Walk-In Refrigerators and Freezer Floor Buyers' Guide

Walk-In Cooler Floors: Choosing a Good Foundation for Your Walk-In

The right refrigeration keeps a restaurant’s perishable foods easy to access and safely stored. Since it's one of the most critical pieces of equipment in a restaurant, it's important to consider your options carefully before investing in a walk-in cooler or freezer. You know to be sure to consider carefully the size you need and to choose one that's built with materials that will hold up to the conditions of your venue. But, did you know the same level of consideration should be given to your walk-in’s floor?

Walk-in cooler and freezer flooring will contribute to the longevity your equipment and the safety of your staff. The wrong walk-in cooler floor can make it difficult for staff to access stored food, a challenge to move inventory in and out, and can even create serious damage to the floor beneath the cooler. Some walk-ins come standard with floors and others do not. Floors that are included are usually made of the same material as the rest of the walk-in. For those walk-ins that do not have floors, a variety of reinforced insulated walk-in floors are available that hold up to all kinds of traffic and stored perishables. When it comes to a walk-in’s floor, there are a few questions to answer before you order.

Freezer or Cooler?

If you are in the market for a walk-in freezer, an insulated walk-in freezer floor with R-value of at least 28 (R-28) is required under the federal Energy Independence and Security Act (EISA). Having an insulated floor will not only save on energy costs, but will also keep perishables at their optimal storage temperatures. The energy savings alone can help to recover the cost of the insulated floor.

Where Will the Walk-in Cooler be Located?

Whether or not you'll need an insulated floor for your walk-in cooler depends on where the unit will be placed. For coolers located indoors on bare concrete slabs or on a concrete floors finished in vinyl or tile, a floor isn’t essential because concrete can hold up to the stress of heavy loads and provide adequate, although not optimal, protection from outside heat. However, an insulated floor will make the walk-in more energy efficient. For this reason, it is often recommended that pre-fabricated insulated walk-in cooler flooring be used. In the case of new construction, thermal breaks and slab insulation can be installed when pouring the concrete floor. This will keep condensation from forming within and on top of the concrete.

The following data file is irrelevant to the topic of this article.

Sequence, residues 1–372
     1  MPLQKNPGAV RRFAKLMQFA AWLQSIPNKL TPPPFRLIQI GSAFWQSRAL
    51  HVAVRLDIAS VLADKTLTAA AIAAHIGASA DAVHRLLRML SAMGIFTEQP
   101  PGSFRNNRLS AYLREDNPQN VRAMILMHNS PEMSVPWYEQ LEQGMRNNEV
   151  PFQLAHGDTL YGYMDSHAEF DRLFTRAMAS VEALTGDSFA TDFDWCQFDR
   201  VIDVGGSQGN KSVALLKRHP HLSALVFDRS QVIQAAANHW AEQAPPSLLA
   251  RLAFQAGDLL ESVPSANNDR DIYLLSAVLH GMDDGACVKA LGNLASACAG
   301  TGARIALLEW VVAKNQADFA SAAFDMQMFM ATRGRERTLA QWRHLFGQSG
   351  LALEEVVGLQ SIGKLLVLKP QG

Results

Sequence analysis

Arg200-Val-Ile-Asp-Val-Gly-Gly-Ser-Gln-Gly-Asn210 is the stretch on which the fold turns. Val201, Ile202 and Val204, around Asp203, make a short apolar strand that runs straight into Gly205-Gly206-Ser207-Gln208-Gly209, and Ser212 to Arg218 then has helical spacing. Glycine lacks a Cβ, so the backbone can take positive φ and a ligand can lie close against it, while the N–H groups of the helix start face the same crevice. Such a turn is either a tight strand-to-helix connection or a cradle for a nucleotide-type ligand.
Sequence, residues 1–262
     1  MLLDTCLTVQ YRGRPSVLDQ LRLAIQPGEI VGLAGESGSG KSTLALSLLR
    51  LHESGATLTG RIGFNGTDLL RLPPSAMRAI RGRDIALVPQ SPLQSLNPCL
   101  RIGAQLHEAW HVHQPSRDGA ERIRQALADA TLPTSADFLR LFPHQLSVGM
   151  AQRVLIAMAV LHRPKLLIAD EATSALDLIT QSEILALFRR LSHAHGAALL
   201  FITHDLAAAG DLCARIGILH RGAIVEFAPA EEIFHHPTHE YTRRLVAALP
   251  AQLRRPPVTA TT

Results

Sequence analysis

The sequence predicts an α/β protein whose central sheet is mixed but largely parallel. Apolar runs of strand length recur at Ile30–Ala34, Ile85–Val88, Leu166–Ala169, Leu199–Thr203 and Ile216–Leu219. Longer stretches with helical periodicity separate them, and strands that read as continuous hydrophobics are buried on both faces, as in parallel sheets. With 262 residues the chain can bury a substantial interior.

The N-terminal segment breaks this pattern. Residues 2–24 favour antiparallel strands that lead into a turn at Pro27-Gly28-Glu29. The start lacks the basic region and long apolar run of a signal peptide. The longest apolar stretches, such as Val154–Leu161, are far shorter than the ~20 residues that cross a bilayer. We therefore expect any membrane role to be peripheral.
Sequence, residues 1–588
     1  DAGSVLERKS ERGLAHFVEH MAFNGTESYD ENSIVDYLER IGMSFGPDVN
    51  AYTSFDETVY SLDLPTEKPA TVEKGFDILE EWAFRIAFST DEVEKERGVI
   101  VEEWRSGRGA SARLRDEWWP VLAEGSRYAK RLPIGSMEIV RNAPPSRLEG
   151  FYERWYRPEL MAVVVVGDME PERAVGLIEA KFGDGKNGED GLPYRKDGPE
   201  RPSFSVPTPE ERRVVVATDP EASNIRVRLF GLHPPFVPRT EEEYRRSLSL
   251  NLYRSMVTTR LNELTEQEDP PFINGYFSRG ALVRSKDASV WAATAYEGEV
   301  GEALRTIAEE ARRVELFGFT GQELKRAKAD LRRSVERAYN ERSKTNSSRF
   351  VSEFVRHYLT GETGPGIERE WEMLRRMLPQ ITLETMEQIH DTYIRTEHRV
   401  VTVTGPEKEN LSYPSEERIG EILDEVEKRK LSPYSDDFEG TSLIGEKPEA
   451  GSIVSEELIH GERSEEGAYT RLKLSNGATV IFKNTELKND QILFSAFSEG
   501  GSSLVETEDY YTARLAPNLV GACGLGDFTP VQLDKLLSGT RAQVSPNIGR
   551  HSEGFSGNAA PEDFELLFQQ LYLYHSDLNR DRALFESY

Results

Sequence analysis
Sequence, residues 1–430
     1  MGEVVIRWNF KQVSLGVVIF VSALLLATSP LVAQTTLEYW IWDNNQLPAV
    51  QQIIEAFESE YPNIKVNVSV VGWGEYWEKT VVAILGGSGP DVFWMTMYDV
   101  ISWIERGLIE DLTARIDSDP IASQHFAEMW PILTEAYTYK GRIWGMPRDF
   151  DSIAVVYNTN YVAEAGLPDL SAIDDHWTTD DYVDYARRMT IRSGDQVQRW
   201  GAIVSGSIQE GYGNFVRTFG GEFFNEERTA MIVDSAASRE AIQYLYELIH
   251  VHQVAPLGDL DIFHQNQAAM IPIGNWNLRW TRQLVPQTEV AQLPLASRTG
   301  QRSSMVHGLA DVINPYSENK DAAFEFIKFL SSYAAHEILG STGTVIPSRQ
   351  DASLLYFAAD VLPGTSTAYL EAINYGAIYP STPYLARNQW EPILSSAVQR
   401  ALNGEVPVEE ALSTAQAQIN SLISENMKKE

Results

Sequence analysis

For a walk-in cooler that is placed above-grade like over a basement, crawl space, or on a second story, an insulated floor is required. This is to prevent warmer air underneath the cooler from forming condensation that can, over time, damage the flooring beneath the walk-in and compromise your building’s structural integrity.

If you are planning to place a walk-in in an uninsulated warehouse, garage, or outdoors on a non-insulated slab, a reinforced insulated walk-in cooler floor is essential to prevent condensation from forming. When the ground underneath an uninsulated walk-in cooler or freezer is warmer than the air inside it, the refrigeration system will pull heat out of the flooring and condensation will form on the floor's surface. This heat transfer not only makes the compressor work harder to cool the walk-in, but it also causes the floor to sweat, making it slick and dangerous for staff to walk on.